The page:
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Professor Ichiro Fujita, Ph.D. +81-6-6850-6510
Associate Prof. Hiroshi Tamura, Ph.D. +81-6-6850-6538
Assistant Prof. Hiroyuki Yoneshima, MD, Ph.D. +81-6-6850-6512

FAX +81-6-6850-6379
Postal Mail Address Laboratory for Cognitive Neuroscience, Graduate School of Frontier Biosciences, Osaka University
1-3 Machikaneyama, Toyonaka, Osaka 560-8531, Japan
Maps/Tansportation http://www.fbs.osaka-u.ac.jp/jp/maps/toyonaka-maps.html
Lab Web Site http://www2.bpe.es.osaka-u.ac.jp/index_e.html

We study the neural mechanisms underlying visual perception and recognition. Look around, and you will notice the visual diversity of objects that surround you. You can idenify all of them without a problem. If we stop to consider the following for a moment, we can understand how truly remarkable our visual system is.
No retinal image can ever be reproduced exactly, because our visual world is forever changing, from moment to moment. Retinal images change owing to many factors including changes in illumination and vantage point, or motion and articulation of objects. An object you look at may even be partially occluded by another object in front of it. The retinal image also lacks a large part of information along the depth direction. It is a 2-dimensional image, whereas the real and perceived world is 3-dimensional! The retinal image is thus changing, unpredictable, and imperfect in many ways, and yet based on visual information conveyed by the retina, our brain is able to perceive and recognize objects, people, and scenes.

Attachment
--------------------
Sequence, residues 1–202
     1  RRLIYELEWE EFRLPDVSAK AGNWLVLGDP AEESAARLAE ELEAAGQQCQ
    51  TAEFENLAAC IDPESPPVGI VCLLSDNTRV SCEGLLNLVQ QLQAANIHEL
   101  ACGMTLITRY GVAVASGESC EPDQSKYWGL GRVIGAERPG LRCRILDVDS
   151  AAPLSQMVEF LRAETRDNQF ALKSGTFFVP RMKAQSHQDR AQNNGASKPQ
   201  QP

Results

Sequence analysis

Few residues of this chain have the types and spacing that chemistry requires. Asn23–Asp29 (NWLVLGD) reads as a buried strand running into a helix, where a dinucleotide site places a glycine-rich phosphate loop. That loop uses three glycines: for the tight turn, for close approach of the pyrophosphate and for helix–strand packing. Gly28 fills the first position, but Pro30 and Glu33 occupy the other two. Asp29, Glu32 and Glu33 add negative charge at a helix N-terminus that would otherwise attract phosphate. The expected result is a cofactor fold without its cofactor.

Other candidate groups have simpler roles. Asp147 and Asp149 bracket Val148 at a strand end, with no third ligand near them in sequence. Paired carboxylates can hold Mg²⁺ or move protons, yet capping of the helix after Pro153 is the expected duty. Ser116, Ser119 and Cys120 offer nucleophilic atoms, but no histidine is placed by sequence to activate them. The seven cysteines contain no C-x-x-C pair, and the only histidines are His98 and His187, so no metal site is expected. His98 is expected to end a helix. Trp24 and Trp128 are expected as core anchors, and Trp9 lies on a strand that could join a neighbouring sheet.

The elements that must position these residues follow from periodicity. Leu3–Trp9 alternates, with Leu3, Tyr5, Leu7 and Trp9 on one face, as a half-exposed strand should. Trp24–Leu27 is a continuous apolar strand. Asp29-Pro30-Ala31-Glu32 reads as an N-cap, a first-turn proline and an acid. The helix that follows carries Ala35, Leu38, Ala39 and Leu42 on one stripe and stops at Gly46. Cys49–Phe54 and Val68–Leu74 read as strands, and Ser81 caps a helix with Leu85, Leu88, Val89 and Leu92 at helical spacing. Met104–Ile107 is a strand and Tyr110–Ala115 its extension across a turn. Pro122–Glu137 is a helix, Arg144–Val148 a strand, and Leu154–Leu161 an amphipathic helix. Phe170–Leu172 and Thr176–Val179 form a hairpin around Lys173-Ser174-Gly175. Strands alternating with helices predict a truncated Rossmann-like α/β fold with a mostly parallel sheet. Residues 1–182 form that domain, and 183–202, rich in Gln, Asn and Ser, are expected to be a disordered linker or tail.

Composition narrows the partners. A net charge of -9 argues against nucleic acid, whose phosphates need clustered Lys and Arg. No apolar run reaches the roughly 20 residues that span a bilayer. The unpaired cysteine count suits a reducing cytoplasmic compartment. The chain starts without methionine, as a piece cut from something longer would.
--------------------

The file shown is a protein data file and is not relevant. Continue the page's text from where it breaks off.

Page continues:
We have focused our attention on a particular visual pathway in the cerebral cortex, namely, the "ventral visual pathway", which is responsible for object recognition. As the name indicates, this pathway projects ventrally from the primary visual cortex to the inferior temporal cortex (IT) via several relays. We are interested in how the visual information from objects is processed along this pathway.

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